Homologous recombination in the tandem calmodulin genes of Trypanosoma brucei yields multiple products: Compensation for deleterious deletions by gene amplification

Josiane E. Eid, Barbara Sollner-Webb

Research output: Contribution to journalArticlepeer-review

Abstract

Homologous recombination between a calmodulin-neomycin-resistance fusion gene and the Trypanosoma brucei chromosome takes place not only in the large 5′- and 3′-flanking segments of the calmodulin locus but also in any of the four tandem genomic calmodulin genes. This results in a recombined locus consisting of the chimeric neor gene and four, three, two, one, or zero functional calmodulin genes. Cells bearing this latter event have half of their normal number of intact calmodulin genes and an accompanying phenotype of slow growth. Over months of propagation, these lines acquire additional calmodulin genes, frequently by amplifying a calmodulin gene at the untargeted locus, and concomitantly revert to normal growth rate. This response could be related to the property of the trypanosome of maintaining most housekeeping genes in tandem chromosomal arrays. Recombination appears to be initiated by a crossover event between the linearized end of the transfecting plasmid and a homologous region in the host genome; the second crossover generally occurs internally and in that region requires no more than 87 bp of homology.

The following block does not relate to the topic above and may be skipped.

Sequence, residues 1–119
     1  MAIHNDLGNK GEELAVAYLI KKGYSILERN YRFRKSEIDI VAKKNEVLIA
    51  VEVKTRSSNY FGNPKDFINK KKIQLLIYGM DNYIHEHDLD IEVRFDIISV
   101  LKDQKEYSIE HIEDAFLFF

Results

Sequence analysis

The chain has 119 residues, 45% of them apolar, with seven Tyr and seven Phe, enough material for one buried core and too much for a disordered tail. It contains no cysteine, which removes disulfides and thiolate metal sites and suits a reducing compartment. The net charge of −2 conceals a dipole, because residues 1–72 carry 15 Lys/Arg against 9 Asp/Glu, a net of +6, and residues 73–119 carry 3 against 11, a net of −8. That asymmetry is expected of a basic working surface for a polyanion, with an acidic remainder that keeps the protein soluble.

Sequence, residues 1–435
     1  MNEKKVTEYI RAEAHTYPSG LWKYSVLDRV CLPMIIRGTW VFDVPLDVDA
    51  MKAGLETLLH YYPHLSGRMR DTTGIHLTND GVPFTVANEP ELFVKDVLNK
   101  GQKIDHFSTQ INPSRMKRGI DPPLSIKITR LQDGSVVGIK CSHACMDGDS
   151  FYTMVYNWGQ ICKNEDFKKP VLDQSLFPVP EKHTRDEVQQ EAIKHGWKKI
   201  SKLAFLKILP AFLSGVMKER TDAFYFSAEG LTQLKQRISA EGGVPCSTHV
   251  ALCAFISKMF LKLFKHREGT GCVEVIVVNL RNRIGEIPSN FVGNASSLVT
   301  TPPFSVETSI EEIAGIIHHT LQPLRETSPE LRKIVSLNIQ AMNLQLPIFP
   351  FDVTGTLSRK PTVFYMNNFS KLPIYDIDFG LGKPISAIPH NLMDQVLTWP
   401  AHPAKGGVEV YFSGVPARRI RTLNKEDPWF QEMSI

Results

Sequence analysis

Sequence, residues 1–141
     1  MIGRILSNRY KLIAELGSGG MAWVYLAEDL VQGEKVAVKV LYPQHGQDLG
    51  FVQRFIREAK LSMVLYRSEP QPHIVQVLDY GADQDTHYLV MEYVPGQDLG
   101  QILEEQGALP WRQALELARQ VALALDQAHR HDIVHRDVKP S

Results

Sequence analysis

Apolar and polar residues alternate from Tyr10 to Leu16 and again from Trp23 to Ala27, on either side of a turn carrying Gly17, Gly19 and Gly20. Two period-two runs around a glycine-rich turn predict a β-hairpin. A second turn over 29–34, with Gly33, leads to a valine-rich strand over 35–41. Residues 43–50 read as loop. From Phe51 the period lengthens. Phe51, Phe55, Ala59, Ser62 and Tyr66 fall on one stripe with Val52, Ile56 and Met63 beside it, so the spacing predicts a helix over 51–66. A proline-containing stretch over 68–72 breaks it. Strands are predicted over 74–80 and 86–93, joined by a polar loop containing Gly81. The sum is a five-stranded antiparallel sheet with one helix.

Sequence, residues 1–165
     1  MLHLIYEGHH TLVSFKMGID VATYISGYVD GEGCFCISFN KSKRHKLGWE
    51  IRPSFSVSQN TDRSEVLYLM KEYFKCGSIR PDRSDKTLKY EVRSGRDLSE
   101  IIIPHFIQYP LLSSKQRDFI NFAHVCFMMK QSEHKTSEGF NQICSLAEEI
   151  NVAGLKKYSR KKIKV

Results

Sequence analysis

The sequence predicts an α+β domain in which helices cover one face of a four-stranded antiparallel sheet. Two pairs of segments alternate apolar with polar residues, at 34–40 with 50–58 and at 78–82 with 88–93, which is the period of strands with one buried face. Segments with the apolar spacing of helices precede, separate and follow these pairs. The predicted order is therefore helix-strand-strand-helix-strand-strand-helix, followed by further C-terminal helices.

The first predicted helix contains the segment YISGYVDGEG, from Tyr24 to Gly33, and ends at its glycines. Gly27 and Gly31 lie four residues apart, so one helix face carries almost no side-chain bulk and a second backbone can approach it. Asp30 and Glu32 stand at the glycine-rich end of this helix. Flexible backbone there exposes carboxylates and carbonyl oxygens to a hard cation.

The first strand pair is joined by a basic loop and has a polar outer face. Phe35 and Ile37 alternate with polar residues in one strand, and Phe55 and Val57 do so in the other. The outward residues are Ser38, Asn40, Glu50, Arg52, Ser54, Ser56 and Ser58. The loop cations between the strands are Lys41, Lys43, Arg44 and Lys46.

Original languageEnglish (US)
Pages (from-to)2024-2032
Number of pages9
JournalGenes and Development
Volume5
Issue number11
DOIs
StatePublished - Nov 1991

Keywords

  • Calmodulin genes
  • Gene amplification
  • Homologous recombination
  • Trypanosoma brucei

ASJC Scopus subject areas

  • Genetics
  • Developmental Biology

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